1. Acts 15 presents what is sometimes called the Jerusalem Council. The issue is whether non-Jewish believers have to get circumcised in order to escape God's wrath and be "saved."
Acts 15 presents a very orderly and peaceful series of events. There is a disagreement at Antioch over the issue. Antioch sends Paul and Barnabas to HQ for advice. The Jerusalem church welcomes them.
Then some believers who are Pharisees argue that the Gentile believers must fully convert. The apostles and elders consider the issue. Then Peter shares about his experience with Cornelius, and Paul and Barnabas share their missionary experiences.
James, the brother of Jesus, seems to render the final verdict. He quotes Scripture. He wants to make it easy for Gentiles to get in (After all, they already have Moses and aren't going to flock in with the same requirements as before). He gives four requirements: 1) stay away from meat sacrificed to idols, 2) stay away from sexual immorality, 3) stay away from meat from an animal killed by strangling, and 4) don't ingest blood.
A letter is composed to this effect and sent in the hands of two men to Antioch, a man named Judas and a man named Silas. The church at Antioch receives it with joy.
2. Galatians 2 presents a somewhat similar event but from Paul's perspective. There were some telling the Gentiles at Antioch that they needed to be circumcised in order to be saved from God's coming wrath. Paul and Barnabas (and an uncircumcised young man named Titus) go down privately to Jerusalem to ask the pillars of James, Peter, and John. These leaders recognize that God has called Paul to go to the Gentiles (just as Peter is called to Jews) and receive them in peace.
Then there is a second event. Peter comes up to Antioch and fellowships freely with Gentile converts. Then some people come from HQ, from James, and convince him he shouldn't eat with them to stay ceremonially clean. Barnabas even joins Peter.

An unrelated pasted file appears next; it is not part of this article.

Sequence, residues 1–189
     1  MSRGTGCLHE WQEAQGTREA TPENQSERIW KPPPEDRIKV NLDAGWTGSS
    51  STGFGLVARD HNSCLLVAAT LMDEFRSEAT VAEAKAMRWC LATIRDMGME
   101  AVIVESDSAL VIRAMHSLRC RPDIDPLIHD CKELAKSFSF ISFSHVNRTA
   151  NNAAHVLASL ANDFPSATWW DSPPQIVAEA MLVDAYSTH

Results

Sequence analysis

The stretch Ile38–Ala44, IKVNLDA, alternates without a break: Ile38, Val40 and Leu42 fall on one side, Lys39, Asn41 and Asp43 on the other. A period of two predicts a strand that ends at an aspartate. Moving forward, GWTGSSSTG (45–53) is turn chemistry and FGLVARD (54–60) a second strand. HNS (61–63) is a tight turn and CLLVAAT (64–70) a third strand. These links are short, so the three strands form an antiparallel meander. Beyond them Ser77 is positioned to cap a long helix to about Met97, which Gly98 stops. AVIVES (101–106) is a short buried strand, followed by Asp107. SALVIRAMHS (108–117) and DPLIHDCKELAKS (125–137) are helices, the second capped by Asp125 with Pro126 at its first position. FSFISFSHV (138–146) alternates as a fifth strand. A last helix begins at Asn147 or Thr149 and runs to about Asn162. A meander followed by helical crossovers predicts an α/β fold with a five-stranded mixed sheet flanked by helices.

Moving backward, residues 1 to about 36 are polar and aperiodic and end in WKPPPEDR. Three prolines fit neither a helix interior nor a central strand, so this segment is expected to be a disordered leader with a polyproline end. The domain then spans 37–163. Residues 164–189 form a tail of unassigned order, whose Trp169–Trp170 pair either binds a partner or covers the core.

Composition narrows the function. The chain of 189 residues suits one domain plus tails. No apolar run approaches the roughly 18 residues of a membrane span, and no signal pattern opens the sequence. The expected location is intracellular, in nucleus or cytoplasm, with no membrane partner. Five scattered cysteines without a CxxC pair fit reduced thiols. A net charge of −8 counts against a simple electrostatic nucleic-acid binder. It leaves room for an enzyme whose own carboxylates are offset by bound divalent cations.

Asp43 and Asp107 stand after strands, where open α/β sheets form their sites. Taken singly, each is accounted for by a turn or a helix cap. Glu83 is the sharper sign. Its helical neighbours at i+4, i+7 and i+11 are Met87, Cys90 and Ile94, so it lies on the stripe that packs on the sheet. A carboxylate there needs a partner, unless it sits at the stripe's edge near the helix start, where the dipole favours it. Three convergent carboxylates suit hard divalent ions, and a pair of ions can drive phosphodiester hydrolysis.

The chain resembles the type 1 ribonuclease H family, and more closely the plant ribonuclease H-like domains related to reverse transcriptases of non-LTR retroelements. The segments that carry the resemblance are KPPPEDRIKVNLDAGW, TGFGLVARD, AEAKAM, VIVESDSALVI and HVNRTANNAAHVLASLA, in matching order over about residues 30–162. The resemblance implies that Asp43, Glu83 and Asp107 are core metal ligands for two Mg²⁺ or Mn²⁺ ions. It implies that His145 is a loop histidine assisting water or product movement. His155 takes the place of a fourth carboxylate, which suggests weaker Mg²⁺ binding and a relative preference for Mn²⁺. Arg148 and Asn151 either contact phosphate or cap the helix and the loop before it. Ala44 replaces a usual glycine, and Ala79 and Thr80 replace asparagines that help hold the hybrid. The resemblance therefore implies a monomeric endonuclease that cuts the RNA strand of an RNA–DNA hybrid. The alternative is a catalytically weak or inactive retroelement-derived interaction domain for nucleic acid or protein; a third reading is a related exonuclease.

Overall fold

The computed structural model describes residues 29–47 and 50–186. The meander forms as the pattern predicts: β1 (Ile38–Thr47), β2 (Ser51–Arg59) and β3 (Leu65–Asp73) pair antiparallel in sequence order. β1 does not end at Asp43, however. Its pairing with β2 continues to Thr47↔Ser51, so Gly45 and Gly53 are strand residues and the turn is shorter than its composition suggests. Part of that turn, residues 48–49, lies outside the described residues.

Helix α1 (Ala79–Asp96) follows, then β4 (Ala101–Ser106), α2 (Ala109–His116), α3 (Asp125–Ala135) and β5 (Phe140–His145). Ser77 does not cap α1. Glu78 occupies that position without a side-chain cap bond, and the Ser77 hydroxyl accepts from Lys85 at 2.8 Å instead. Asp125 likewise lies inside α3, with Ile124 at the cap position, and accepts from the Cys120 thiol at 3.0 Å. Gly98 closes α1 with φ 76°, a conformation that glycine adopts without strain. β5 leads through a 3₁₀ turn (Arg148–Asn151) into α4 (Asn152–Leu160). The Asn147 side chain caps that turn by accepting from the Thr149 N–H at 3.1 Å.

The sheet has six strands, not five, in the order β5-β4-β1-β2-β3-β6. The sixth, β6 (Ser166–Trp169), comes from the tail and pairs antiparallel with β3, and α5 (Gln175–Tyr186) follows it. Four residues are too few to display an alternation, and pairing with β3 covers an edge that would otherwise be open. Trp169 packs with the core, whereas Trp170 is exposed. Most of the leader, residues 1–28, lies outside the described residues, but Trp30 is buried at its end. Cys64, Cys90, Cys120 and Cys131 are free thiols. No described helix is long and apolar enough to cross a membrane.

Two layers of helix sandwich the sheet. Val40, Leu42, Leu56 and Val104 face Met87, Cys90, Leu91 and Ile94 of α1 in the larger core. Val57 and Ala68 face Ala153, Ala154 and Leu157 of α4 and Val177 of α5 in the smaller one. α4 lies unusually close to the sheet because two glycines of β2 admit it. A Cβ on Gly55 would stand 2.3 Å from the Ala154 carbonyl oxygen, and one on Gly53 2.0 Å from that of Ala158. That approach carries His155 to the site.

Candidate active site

Paul will have none of that. He openly calls Peter a hypocrite. Peter is no scrupulous law-keeper. He's pushing a standard on the Gentiles that he himself doesn't keep.
3. What are we to do with these two accounts? There have been some brilliant attempts at harmonization. F. F. Bruce suggested the following scenario: 1) the Galatians 2 visit was during the "gift trip" of Acts 11, before the first missionary journey, 2) then the incident with Peter happened at Antioch after the first missionary journey, 3) then the issue erupted in Galatia, causing Paul to write Galatians, the first of his letters that he wrote, 4) then the Jerusalem Council settled the whole issue.
As brilliant as this scenario by Bruce is, we have to wonder whether it tries too hard. Harmonization of this sort usually creates an alternative scenario that twists all the existing accounts in deference to an ideal the text itself may or may not care about.
a) The timing of the private meeting does not coincide well with the gift trip of Acts 11. To argue for it, Bruce reinterprets what "after 14 years" means in Galatians 2:1. He takes it to mean 14 years from Paul's conversion, when its most natural sense is 14 years from the last time he visited Jerusalem. Also, the revelation that leads Paul to Jerusalem in Galatians 2 is not revelation about a famine, as in Acts 11, but revelation that he should go and consult with HQ.
b) Galatians may fit better a little later in Paul's missionary journeys than at the very beginning. Theologically and rhetorically, it reads well as a slightly earlier version of Romans, an argument that Paul has been developing for sometime, perhaps while meeting at the Hall of Tyrannus in Ephesus. Paul uses a word in 4:13 to refer to his first visit to Galatia that would normally imply it was the first of more than one--but Paul would have only been there once if he wrote Galatians when Bruce suggested.
c) Acts is not just giving a videotape of what happened. As was fully acceptable at the time, Luke seems at least to have edited the sermons (because in Acts 2, it seems to have Peter quoting the Greek version of the OT in Jerusalem, as well as the fact that the sermons mostly follow the same outline). Acts arguably shifts blame to Paul's Jewish opponents and omits perhaps some key opponents, such as when we know secular authorities were after him at Damascus and it shifts the blame entirely to Jewish opponents. Peter's visit to Cornelius is highlighted in a way it may not have been at the time. Luke 24 similarly compresses 40 days between the resurrection and ascension into what seems like a single day.
These tendencies lead us to ask whether Acts 15 is an efficient, orderly, and ideal way of presenting what historically was a little messier and perhaps took a little more time. Again, it was perfectly acceptable to do such things in history telling at the time (i.e., it would not be an error). For example, the four prohibitions sound more like a response to how Jewish and Gentile Christians might eat together than a complete list of what Gentiles need to be saved. Presuming that Paul knew of such a letter, he never mentions it when the issue of meat sacrificed to idols came up at Corinth, suggesting that he didn't agree with it.
A possible analysis of the event tomorrow...